Reading that the Globe may struggle to come back from this current crisis without the help of donations and emergency funding didn’t seem quite real.
The tragedy’s shades of light are teased out and played with, and much of this owes itself to Michelle Terry’s Hamlet.
Shakespeare’s Globe has been preparing a raft of new digital content to continue to engage its audiences with Shakespeare’s works. Shakespeare & Love in Isolation will see artists, in times of solitude and from their place of sanctuary, sharing some of the greatest words ever written. The series will be released as soon as possible, and artists involved include the creative team …
Shakespeare’s Globe’s summer season 2020 will include Shakespeare’s Romeo & Juliet, Much Ado About Nothing, Twelfth Night and Antony & Cleopatra.
In our continuing series, our editor Lisa Martland picks out some of her Top Picks from the last week of theatre (to 5 January 2020), including Aleks Sierz’s mixed feelings about Snowflake at the Kiln Theatre.
Mind the Blog has a fairly wide-ranging wish list of things I hope to see, including major shows such as Sunday in the Park with George, Evita, Magic Goes Wrong, Uncle Vanya and the Jamie Lloyd Company residency at the Playhouse Theatre.
It’s that time of year again… here’s View From the Circle’s Top Ten shows of 2019.
Love London Love Culture rounds up the reviews for Blanche McIntyre’s production of Bartholomew Fair, now playing at the Sam Wanamaker Playhouse.
One from the archives: In 1988, excavations began on the site of Shakespeare’s Globe and the occasion called for a symbolic moment.
“What angel wakes me from my flowery bed?” A plethora of productions of A Midsummer Night’s Dream, that’s what.
Joyful, filthy, modern and messy – A Midsummer Night’s Dream at the Globe will no doubt separate those who like their Shakespeare more reserved from those desperate for fresher takes on these old plays, but this one is fun, vibrant, socially conscious and current, with excellent performances.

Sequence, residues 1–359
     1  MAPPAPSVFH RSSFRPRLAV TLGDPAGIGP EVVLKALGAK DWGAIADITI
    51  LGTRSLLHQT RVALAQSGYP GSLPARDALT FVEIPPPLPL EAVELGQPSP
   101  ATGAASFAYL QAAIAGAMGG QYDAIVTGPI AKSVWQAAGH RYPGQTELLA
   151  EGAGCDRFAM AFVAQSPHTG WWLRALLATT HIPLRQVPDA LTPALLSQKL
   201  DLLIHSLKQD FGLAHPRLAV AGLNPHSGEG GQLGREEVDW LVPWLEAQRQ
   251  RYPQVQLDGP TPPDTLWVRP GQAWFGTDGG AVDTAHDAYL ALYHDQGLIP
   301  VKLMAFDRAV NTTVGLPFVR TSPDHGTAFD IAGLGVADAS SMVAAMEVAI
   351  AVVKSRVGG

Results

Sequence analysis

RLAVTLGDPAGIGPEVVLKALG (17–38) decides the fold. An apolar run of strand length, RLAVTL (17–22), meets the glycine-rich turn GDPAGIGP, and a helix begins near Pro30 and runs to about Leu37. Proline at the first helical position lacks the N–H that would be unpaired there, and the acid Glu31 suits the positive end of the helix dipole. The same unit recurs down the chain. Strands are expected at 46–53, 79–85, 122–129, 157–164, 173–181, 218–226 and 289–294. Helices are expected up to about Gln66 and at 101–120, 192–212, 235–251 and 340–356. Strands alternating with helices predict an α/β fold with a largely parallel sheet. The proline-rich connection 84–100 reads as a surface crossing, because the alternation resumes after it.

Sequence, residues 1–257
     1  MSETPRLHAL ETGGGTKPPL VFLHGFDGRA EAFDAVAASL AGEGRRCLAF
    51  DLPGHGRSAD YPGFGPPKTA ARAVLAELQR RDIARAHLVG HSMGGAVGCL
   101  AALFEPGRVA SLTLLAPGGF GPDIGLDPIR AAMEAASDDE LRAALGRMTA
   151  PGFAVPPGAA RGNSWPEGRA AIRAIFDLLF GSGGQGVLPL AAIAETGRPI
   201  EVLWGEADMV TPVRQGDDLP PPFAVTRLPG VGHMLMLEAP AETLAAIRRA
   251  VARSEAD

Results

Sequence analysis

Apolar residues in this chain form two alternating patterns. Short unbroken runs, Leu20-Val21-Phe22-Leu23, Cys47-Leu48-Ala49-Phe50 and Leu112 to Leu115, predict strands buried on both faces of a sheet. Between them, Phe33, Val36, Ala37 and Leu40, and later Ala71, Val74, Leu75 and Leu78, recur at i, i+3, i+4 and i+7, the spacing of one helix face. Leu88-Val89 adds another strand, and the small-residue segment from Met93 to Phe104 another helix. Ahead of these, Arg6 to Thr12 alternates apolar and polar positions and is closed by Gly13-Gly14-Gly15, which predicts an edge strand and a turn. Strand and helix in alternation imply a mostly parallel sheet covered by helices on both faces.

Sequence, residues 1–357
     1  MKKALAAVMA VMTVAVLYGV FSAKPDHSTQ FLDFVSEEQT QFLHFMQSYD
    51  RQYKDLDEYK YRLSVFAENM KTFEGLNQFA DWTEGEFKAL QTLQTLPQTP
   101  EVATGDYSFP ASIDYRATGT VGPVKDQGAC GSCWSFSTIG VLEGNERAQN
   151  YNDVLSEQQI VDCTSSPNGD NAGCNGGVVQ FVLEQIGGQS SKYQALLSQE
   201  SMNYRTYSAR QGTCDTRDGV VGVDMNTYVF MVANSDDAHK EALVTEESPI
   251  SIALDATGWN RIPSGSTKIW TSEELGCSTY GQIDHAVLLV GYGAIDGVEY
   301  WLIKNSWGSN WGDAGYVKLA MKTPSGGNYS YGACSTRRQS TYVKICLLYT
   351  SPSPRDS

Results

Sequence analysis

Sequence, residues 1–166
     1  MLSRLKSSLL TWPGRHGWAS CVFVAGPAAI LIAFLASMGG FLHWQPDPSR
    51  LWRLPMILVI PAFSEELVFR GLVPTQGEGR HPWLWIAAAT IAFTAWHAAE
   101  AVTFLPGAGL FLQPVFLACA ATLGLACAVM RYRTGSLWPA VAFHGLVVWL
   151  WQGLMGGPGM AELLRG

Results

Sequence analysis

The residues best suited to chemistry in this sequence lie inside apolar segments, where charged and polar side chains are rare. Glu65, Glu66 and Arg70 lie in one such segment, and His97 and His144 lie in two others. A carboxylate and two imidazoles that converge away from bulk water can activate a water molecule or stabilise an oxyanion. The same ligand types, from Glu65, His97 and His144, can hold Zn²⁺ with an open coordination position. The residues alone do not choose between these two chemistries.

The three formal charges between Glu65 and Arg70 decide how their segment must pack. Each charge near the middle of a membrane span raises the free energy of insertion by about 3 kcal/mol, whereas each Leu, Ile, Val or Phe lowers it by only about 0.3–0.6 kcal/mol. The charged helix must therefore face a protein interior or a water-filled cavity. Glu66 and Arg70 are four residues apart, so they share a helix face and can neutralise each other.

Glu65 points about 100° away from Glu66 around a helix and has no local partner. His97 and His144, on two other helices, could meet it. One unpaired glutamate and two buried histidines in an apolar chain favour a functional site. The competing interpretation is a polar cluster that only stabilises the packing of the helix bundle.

Carnival reaches Southwark in this vibrant new A Midsummer Night’s Dream, with a lively cast &and colourful designs – and don’t get comfortable if you’re a groundling.
As part of a new series, our editor Lisa Martland picks out seven of her Top Picks from the last week of theatre (29 April-6 May 2019). Amidst her choices are two more West End productions of classic American drama: Arthur Miller’s Death of a Salesman at the Young Vic (Emily Garside) and Tennessee Williams’ Orpheus Descending at the Menier Chocolate Factory (Libby Purves).
A fresh perspective on the classic Henry V, concluding Hal’s journey from errant prince to conquering king – an action-packed end to the trilogy.
Henry IV Part 1 is a fast-paced, fun production that speaks to our politically unstable times – a great way to start the new season.
Random and topical thoughts and quotes gathered by My Theatre Mates contributor Aleks Sierz, first published on www.sierz.co.uk.
It is not to diminish the historical elements, the research and indeed the politics of the play, to say that its power and its joy is in storytelling.
It’s a rare moment of beautiful subtlety in a play that is more often considerably bolder in its sentiment, but it’s also a mark of just how nuanced Nicole Charles’ production and Morgan Lloyd Malcolm’s writing is.
Elliott & Harper Productions’ Company and Shakespeare’s Globe’s production of Emilia are among the recipients of the third annual Tonic Awards which have been announced at a ceremony held at The May Fair Hotel, hosted by Tracy Ann Oberman.
Triumphant, if crude, the West End transfer of Emilia is a heartfelt account of a Renaissance woman who has been hidden from history.